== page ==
At the Bozeman School Board meeting on Monday night, parents took the stand to share their opinions on the book, "The Marrow Thieves", being taught in the 9th-grade curriculum at Gallatin High School.
One parent shared how she felt about the book being taught,
“Keeping this book in the curriculum fosters religious bias towards the church and the Catholic students who attend district schools. By keeping this book in the curriculum, you're willing to tolerate the presence of poison," said the Gallatin High mom. "You're willing for students' minds to be poisoned by the sophistry of Canadian history. A characterization of religious as murderers, depictions of Catholics as henchmen for Indian genocide, linguistic rot, the sexualization of minors.”
According to a York University summary, "The Marrow Thieves" is a fictional survival story set in Canada where so-called "Recruiters" who can no longer dream harvest bone marrow from Indigenous people to give themselves that ability again. From a summary on Lit Charts, the deeper meaning of this novel is the world in which Indigenous people are seen to be nothing other than a commodity through the eyes of the white government.
While some parents think this novel is unnecessary, other parents believe it's important for kids in 9th grade to be exposed to such literature.
“I think this book encourages critical thinking by students," said another parent who says she thinks the book is appropriate for the age group.
"I think it's well-written and it has historical and literary value,” she added.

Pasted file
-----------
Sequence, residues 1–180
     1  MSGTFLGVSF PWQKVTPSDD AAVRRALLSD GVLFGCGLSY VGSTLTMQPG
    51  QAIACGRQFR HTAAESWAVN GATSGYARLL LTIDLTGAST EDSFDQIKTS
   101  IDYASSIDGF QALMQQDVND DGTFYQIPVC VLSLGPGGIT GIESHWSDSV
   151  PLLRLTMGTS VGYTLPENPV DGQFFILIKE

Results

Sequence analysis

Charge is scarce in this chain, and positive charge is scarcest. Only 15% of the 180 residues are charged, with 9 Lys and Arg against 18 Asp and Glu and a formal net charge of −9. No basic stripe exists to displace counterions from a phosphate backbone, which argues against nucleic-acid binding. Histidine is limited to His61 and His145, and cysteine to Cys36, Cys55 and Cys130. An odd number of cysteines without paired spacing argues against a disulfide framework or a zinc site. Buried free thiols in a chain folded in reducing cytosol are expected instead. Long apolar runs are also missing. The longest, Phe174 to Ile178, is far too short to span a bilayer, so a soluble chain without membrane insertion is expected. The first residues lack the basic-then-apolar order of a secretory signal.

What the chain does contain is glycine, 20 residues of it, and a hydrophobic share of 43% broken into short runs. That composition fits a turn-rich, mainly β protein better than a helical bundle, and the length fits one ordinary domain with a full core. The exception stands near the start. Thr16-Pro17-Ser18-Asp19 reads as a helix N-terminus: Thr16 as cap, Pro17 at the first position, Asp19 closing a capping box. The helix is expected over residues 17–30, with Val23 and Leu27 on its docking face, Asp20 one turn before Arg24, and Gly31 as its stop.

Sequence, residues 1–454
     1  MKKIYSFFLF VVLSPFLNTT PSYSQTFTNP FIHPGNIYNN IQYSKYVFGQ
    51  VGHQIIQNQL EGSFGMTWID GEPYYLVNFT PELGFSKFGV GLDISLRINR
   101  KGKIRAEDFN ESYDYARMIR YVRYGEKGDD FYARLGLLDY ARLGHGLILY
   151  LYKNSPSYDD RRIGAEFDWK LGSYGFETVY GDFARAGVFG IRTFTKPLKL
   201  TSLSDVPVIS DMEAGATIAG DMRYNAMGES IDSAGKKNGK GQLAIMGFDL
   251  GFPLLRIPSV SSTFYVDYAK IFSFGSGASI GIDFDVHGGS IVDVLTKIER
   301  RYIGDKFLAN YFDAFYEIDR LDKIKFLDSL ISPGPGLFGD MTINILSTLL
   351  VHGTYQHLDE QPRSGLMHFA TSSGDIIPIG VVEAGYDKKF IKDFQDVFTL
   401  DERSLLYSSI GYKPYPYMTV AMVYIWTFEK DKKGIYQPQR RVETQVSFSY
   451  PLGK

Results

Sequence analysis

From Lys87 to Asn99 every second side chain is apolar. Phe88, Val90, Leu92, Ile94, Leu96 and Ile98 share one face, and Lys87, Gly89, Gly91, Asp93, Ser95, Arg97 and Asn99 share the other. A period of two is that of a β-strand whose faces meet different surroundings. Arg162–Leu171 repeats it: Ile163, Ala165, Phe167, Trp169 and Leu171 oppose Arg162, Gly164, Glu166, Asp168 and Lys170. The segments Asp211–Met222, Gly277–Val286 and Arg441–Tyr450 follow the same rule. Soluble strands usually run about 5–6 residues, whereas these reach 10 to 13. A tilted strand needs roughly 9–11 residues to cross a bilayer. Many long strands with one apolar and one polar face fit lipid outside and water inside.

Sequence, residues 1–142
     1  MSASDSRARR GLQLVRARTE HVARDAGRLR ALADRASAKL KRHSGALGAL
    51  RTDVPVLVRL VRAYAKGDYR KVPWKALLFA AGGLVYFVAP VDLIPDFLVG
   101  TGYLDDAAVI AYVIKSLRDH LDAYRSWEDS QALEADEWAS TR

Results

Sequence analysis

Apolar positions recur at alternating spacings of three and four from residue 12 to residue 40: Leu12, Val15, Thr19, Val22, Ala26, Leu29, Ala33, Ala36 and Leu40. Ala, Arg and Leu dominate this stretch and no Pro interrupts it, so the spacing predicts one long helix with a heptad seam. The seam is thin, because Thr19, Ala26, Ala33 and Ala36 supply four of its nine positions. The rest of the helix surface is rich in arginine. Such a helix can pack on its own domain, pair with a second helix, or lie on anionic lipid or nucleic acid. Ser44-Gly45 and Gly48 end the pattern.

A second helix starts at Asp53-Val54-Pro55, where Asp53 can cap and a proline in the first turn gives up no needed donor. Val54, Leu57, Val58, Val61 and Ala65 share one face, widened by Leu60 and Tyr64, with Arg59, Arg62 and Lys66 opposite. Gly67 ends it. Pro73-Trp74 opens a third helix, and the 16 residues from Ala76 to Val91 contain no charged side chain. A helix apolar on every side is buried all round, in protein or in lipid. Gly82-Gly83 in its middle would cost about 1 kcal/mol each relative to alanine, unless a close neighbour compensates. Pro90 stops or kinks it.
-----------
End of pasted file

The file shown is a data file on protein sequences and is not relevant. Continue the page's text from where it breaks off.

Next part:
One parent even took the stand to suggest that banning this book would lead to other issues over books in the future.
“If we begin to ban books because a narrative doesn't align with one family's beliefs, where do we draw that line on banning books?,” says Gallatin High mother.
Superintendent Casey Bertram believes this book offers a lot of learning opportunities about Indigenous people through storytelling.
“[This book includes] some historical components of Native Americans in Montana. The family component of Indigenous population and storytelling and protecting those stories," said Superintendent Bertram. "Also, there's a native language component in there that is important in Montana public schools.”
Bertram also emphasizes that there is always the option of opting your child out of reading this book and others.
“We have parents that opt their children out of books for whatever reason and whatever that course of study is, then the teacher looks for an alternative title that can meet some of the same learning goals,” said Superintendent Bertram.